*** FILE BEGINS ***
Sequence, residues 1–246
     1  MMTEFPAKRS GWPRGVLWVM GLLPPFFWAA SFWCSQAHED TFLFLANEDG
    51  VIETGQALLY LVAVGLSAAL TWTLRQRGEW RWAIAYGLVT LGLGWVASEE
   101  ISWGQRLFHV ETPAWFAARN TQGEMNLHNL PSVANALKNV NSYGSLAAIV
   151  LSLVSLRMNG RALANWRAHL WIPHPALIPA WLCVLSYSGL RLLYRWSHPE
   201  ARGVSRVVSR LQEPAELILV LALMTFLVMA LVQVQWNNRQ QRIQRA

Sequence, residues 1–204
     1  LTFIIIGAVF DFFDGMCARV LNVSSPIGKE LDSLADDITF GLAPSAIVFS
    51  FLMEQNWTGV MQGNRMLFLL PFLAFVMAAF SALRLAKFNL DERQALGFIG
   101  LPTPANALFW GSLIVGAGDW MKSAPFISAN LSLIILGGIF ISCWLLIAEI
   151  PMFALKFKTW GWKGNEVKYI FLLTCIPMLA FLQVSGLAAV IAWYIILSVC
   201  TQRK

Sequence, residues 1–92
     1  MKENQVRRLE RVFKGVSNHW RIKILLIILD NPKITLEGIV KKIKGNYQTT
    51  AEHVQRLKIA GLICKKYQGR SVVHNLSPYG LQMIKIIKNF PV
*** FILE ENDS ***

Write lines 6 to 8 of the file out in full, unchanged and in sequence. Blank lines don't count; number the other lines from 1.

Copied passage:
   201  ARGVSRVVSR LQEPAELILV LALMTFLVMA LVQVQWNNRQ QRIQRA

Sequence, residues 1–204
     1  LTFIIIGAVF DFFDGMCARV LNVSSPIGKE LDSLADDITF GLAPSAIVFS